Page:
Craig Calcaterra

Blogger at NBC's HardballTalk. Recovering litigator. Rake. Scoundrel. Notorious Man-About-Town.

Jacob deGrom may have to leave in the middle of today’s start


Mets manager Terry Collins said today that it’s possible Jacob deGrom will have to leave during the middle of his start against the Phillies this afternoon.

Why? Because DeGrom’s wife is due to give birth at any moment. Like . . . it could be now! OMG!

People out there who are pregnant for the first time or have a partner who is are probably freaking out about now. People who already have kids are like “eh, whatever happens at the hospital, he’ll be done by the 7th. Everyone chill out.” New parents are my spirit animals. I love them so.

In any event, if deGrom has to skedaddle, Logan Verrett will be the emergency pitcher. Which will stress out everyone else who wasn’t stressed out about the idea of an impending birth.

Good look, deGrom family!

Thoughts on the Yankees as “the pinnacle of Major League Baseball”


As I noted in the recaps, last night, after hitting a big homer in a New York win, a very happy and enthusiastic Mark Teixeira said this about playing for the Yankees: “the Yankees are the whole package. I mean once you play for the Yankees, you’ve kind of reached the pinnacle of Major League Baseball.”

Mark Teixeira plays for the Yankees and he was happy and they won so of course he’s going to say nice things about his team. But those specific things aren’t about the moment or even the current roster. That’s not akin to the usual “we got a great bunch of guys in this clubhouse” stuff you often here from a team on a roll. No, they’re a statement about the status of the Yankees as a franchise over time and maybe for all time.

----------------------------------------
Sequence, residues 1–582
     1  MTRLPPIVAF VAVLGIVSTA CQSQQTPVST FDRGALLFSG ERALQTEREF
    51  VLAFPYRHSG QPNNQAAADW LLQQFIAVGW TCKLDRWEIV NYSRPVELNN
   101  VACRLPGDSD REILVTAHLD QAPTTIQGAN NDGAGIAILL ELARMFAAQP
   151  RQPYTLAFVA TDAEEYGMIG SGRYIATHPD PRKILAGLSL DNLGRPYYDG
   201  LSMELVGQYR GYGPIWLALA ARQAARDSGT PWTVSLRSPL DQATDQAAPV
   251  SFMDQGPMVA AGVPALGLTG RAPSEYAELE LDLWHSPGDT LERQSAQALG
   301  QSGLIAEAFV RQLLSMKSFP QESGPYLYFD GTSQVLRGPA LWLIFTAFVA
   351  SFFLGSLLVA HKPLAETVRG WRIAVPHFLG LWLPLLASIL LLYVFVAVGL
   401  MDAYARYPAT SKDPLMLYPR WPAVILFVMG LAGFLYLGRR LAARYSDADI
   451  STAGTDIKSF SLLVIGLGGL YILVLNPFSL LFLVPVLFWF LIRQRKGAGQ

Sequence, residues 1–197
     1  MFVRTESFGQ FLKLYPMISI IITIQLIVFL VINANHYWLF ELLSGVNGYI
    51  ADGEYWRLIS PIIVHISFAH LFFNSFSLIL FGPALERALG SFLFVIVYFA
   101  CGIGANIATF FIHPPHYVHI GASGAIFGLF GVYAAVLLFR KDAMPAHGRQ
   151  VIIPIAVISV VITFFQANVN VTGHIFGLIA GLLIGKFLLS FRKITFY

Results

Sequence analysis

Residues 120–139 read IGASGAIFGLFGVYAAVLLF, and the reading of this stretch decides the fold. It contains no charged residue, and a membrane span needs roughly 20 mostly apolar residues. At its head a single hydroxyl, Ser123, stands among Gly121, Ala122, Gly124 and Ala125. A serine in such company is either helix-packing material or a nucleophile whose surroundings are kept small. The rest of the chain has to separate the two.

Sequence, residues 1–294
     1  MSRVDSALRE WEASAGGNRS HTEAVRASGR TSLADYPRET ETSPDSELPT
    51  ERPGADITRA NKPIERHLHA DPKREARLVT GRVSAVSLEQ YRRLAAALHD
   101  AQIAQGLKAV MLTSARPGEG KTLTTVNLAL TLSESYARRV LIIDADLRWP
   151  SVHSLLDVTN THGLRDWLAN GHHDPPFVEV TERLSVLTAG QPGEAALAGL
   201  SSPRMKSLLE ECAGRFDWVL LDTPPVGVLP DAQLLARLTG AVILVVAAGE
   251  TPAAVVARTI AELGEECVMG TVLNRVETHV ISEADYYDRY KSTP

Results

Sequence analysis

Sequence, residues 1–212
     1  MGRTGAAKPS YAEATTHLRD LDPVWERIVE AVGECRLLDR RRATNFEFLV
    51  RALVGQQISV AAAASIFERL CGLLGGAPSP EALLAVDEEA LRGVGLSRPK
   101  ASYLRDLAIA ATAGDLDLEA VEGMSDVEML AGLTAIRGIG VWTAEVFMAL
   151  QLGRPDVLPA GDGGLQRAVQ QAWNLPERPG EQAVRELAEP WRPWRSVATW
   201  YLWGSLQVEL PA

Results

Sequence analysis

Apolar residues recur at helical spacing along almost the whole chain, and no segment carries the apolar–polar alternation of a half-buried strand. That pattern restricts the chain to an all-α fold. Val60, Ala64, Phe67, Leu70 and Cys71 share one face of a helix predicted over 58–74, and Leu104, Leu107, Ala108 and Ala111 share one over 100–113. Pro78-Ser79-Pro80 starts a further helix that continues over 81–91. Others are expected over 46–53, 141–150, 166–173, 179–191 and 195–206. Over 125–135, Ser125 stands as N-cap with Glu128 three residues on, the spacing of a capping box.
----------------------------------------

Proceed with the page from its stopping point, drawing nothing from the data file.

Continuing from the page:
And, of course, they’re not new or really controversial words. I know non-Yankees fans sometimes tire of hearing about Yankees Exceptionalism, but facts are facts. They have more championships than anyone. They have more money and are the most valuable franchise. They are, by any measure that matters, the marquee franchise in Major League Baseball now and throughout history. If you go to another country, even one where baseball is not played, it would not be unusual to see a Yankees cap on someone’s head. It’s a team but it’s also a symbol that, with no disrespect to any other team, stands apart. And above.

But I’m still taken with a player actually saying that in a postgame interview. Or any of us ever saying that kind of thing at all outside of the sort of analysis in which I just engaged in in the previous paragraph. It may be true when we think about such things, but why is it so often said when we don’t think about such things? Why are there casual, and not just analytical or intellectual references to the Yankees as the class of baseball and its championship history and its excellence and all of that? This happens frequently, even if we’re not trying to actively contextualize the Yankees in the universe. What fascinates me is not the Yankees-as-the-pinnacle as a matter of fact (they are). But Yankees-as-the-pinnacle as a part of their brand. And how that truly came to be.

People often said such things, casually, about the Yankees until the mid-60s because, my God, the Yankees won all the time. Their seemingly god-given status as the pinnacle of baseball was the central conceit of a Broadway musical in which it literally took a deal with the devil to knock them off their perch.

But from the mid-60s until the late 90s, people didn’t really talk about the Yankees in that way. They understood the history, but it wasn’t sacred. There wasn’t some sense that the Yankees were the pinnacle of anything, really, even when they won four pennants in six years. The Yankees were thought of as a crumbled dynasty for a time, and then a zoo or a madhouse, even if they won. By the early 90s, thanks to a lot of brand-sullying by George Steinbrenner, they were just any old team, not more special or different than the others, their history notwithstanding. Yankee Stadium wasn’t talked about as sacred ground. They renovated the place in a pretty non-sacred manner in the 70s, actually, even if people later pretended that it was still the venerable old ballpark. The upshot: the Yankees had a wonderful history and could still win sometimes, but they were just a team.